Why Choose Democratic Parenting?
Parenting isn’t a one-size-fits-all endeavor, and each of the four styles discussed here comes with its own set of advantages and disadvantages.
Parents of stubborn or strong-willed children may feel passionately that their kids benefit more from a more rigid style of parenting.
Likewise, indulgent parenting may feel that their laxity about household rules is what allows them to maintain a strong bond with their children.
However, these positions are contradicted by the abundant evidence gathered by child development experts over the years.
The research clearly points to democratic childrearing as the most beneficial choice due to its strong correlation with improved self-esteem, better academic outcomes, lower rates of impulsivity and violence, better interpersonal skills, and fewer mental health problems.
So what is it that makes democratic parenting our pick for the most beneficial style of parenting?
And why, if it comes with so many long-term benefits, are so many parents to reluctant to employ it with their children? What are the drawbacks and disadvantages?
The advantages of maintaining a democratic household are numerous and well-documented.
As children learn that their feelings and opinions are valued, they develop a sense of self-respect as well as mutual respect of their parents.
Being allowed to make age-appropriate decisions helps them cultivate a sense of autonomy.
Reasoning with your children through conflict helps them to see others’ points of view and to resolve disagreements kindly and fairly.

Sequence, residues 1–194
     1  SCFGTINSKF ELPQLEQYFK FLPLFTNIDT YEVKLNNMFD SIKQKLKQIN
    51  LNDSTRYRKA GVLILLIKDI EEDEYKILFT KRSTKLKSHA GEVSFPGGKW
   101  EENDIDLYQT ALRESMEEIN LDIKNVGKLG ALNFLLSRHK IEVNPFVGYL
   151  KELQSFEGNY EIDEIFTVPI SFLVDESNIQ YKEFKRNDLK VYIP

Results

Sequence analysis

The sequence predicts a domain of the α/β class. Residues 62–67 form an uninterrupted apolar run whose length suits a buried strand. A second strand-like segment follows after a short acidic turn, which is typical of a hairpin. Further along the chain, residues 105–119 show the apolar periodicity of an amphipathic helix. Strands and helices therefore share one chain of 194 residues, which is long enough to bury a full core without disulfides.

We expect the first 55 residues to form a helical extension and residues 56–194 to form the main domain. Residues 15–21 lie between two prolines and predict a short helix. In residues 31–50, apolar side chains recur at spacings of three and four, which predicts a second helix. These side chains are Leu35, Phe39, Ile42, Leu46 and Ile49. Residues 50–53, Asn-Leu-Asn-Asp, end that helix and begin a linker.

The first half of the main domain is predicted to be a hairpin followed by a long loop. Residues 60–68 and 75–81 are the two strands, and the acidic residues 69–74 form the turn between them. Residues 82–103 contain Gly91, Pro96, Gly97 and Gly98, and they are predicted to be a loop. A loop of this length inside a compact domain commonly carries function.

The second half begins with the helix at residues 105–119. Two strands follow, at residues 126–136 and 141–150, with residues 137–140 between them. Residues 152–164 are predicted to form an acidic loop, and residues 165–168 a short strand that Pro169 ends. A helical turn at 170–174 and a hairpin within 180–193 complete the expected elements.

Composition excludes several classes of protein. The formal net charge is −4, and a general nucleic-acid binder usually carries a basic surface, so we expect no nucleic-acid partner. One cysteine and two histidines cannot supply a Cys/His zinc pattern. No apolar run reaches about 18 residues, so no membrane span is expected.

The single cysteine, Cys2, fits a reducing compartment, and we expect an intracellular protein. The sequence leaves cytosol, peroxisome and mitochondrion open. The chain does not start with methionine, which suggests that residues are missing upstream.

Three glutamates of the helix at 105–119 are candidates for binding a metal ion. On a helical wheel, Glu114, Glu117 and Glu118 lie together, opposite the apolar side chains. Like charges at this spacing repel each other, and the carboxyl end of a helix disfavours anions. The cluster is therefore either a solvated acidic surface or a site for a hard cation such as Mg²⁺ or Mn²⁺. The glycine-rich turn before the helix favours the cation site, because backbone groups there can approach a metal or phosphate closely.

“But my child is so strong-willed!” some parents might be thinking. “The democratic style would never work on such a difficult kid.”
You may be surprised to learn that in fact authoritative parenting is shown to be more beneficial for strong-willed children than the other parenting styles.
The “tough love” commonly prescribed by previous generations can actually do more harm than good, according to current research.
But what about the drawbacks of an authoritative parenting style in early childhood?
What makes this style tricky is that there are fewer disadvantages for the kids than the parents.
The single biggest drawback is that, simply put, parenting democratically can be incredibly hard – on the parents.
Earlier generations relied heavily on autocratic techniques that emphasized parental authority and discouraged developmentally appropriate boundary-pushing.
Many parents like these will swear by their own methods because they do elicit compliance.
But this parenting behavior comes at a considerable expense to their children’s mental and emotional wellbeing.
Think about it in these terms: Would you rather your kid to be compliant because they understand the value of the rules and want to live up to your expectations?
Or would you rather they follow the rules because they are afraid of the consequences if they don’t?
When looked at in that light, most parents understand that fear and coercion are not healthy parenting practices.